A Century of Caring

In 1999, New Directions Youth & Family Services, Inc. was formed as a result of two, long established partners, Wyndham Lawn Home for Children in Lockport, NY and Randolph Children’s Home in Randolph, NY, deciding that a merger would allow each organization to draw upon the strengths of the other, and ultimately provide higher quality services for children and families throughout western New York.

And what a history these two organizations have. Wyndham Lawn was started in 1871 by charitable individuals in Lockport to care for children orphaned by the Civil War. Similarly, Randolph Children’s Home began to meet the needs of neglected and abandoned children in 1878 through the efforts of Rev. Charles Strong. The foundation of each was the compassion of communities to bring stability and hope to vulnerable children and families. Countless children benefited from the loving, stable, nurturing care given by the dedicated staff in the context of a caring community. This mission continued for many years.

In the 1960s and 70s more and more children came to the Homes with increasingly complex needs. In addition to the nurturing, education, and life skills they received, therapeutic treatment services were introduced to address emotional and psychological needs.

In the next few decades these services became more focused and central to the missions with a commitment to support healing and fostering permanent, stable homes. Many children also needed less intensive, step down services that were more community based and focused increasingly on permanence and family stability. Foster care services were developed along with agency operated boarding homes, a residence for parenting youth, and preventive and mental health programs that helped to maintain children in their own homes. Educational services were made increasingly available to students from surrounding school districts.

In the late 1990s, Wyndham Lawn and Randolph made the strategic decision to merge and form New Directions Youth and Family Services. This initiative allowed us to draw on the strengths of each organization, expand our continuum of care, and develop new services tailored to meet the needs of children and families. Normative Culture was introduced as the foundation of how we operate as an agency and how staff, children and families interact. Centering on our norms of safety, respect, responsibility and goal setting we created a culture that can truly transform lives.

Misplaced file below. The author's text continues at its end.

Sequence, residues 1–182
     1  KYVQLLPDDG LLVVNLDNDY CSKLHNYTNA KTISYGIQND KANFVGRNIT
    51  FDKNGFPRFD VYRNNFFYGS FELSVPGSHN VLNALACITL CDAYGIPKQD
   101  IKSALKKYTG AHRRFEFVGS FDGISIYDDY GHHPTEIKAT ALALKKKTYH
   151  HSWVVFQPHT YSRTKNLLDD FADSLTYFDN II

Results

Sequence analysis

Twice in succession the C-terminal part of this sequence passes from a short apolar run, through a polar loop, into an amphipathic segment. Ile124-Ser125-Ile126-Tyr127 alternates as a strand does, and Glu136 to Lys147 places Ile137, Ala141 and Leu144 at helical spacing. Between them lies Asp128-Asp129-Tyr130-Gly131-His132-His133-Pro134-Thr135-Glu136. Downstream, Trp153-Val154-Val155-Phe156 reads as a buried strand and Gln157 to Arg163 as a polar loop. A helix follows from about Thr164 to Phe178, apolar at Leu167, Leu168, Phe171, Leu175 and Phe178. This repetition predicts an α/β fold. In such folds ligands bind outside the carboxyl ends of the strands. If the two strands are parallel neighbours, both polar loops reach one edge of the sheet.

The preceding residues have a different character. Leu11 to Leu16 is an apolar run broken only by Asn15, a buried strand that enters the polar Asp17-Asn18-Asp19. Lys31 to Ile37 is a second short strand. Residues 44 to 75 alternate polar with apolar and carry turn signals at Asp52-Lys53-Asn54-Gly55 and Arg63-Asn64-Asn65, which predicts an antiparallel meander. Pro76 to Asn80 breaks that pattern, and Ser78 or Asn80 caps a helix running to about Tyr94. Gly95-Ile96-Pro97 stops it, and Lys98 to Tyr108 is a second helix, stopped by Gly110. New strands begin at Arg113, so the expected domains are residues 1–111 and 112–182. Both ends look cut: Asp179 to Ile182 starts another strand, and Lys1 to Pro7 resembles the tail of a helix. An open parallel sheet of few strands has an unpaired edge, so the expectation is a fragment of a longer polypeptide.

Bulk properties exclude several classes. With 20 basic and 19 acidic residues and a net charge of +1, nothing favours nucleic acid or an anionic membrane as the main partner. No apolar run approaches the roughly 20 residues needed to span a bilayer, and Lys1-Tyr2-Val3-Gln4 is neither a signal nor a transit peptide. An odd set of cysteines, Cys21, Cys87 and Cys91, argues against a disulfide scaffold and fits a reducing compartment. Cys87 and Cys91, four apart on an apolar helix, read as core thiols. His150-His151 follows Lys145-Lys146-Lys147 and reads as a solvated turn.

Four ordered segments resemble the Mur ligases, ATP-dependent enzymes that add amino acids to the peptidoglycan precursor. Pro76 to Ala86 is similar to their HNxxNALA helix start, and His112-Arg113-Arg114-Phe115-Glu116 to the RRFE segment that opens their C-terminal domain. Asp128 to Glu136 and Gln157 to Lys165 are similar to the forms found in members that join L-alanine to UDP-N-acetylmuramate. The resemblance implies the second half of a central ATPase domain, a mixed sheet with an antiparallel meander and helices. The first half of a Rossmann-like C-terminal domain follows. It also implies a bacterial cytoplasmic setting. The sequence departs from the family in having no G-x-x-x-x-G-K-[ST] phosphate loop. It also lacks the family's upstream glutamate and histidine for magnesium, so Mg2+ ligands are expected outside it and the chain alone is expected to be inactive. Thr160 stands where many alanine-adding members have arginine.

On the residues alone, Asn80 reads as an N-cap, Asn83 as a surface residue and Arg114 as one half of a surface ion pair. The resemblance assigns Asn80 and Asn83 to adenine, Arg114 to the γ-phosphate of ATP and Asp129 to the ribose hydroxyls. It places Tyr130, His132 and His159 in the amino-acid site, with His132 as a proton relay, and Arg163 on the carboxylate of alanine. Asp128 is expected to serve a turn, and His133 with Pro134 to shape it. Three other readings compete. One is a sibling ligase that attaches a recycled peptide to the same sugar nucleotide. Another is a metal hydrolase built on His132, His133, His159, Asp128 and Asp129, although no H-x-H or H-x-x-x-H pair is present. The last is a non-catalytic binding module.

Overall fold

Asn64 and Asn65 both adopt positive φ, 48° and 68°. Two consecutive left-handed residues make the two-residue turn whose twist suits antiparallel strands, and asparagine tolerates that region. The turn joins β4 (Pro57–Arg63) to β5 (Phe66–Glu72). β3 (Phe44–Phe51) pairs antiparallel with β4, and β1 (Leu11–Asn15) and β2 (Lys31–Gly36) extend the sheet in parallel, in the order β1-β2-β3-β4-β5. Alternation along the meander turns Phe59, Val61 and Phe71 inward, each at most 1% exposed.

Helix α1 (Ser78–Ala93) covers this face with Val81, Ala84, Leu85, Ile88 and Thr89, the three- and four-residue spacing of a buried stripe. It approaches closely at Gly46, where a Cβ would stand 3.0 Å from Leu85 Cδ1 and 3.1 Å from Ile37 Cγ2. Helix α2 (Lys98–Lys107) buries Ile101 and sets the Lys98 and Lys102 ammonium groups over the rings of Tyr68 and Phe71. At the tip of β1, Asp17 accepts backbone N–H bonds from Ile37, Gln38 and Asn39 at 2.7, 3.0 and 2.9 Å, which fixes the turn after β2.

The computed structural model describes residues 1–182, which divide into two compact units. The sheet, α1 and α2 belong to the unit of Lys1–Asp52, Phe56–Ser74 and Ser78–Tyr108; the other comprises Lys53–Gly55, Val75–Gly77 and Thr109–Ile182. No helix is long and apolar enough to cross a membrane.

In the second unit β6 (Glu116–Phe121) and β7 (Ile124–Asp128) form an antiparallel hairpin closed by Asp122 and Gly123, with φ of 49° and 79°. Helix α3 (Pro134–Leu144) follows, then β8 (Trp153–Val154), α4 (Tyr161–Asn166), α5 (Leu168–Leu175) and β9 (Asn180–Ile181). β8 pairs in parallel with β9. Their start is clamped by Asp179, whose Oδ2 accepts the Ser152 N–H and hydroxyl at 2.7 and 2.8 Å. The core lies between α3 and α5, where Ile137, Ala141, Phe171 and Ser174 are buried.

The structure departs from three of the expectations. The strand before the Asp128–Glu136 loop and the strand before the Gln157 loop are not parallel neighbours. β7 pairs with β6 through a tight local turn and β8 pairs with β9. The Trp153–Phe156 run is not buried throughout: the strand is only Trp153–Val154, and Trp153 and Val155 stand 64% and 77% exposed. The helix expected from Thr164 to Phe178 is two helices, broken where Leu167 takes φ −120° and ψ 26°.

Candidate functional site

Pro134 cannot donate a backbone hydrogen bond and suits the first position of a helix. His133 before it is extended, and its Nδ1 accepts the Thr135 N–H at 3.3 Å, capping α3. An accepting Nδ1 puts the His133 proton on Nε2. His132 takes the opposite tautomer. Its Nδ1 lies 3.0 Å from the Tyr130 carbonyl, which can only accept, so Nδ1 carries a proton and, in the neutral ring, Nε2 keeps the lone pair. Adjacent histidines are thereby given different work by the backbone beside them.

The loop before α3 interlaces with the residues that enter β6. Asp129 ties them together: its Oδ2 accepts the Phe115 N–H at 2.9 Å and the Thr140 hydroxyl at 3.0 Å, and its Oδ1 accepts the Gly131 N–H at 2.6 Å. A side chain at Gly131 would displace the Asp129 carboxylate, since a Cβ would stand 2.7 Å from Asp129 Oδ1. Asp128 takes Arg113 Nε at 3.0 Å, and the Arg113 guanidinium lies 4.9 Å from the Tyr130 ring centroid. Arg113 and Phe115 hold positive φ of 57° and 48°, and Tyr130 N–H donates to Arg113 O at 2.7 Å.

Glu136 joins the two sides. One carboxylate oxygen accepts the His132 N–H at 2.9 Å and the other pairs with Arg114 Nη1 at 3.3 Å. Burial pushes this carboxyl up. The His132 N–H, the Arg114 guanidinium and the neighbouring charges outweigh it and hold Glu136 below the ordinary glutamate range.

In the following years New Directions has greatly expanded its role in prevention and family, strength-based service. Our trauma sensitive approach has been implemented with extensive training and research and continues to develop and evolve. We are increasingly data driven in what we do and focus on the highest standards of best practice.

New Directions believes in fostering good in everything we do. Thousands of caring, professional staff have lived out that ideal in the service they have given since the 1800s. Families and children have experienced positive, productive lives as a result of their efforts. We know they have practiced “fostering good” in their experiences and communities. We respect our history of caring and look forward to future opportunities to foster good in the lives of those we are proud to serve.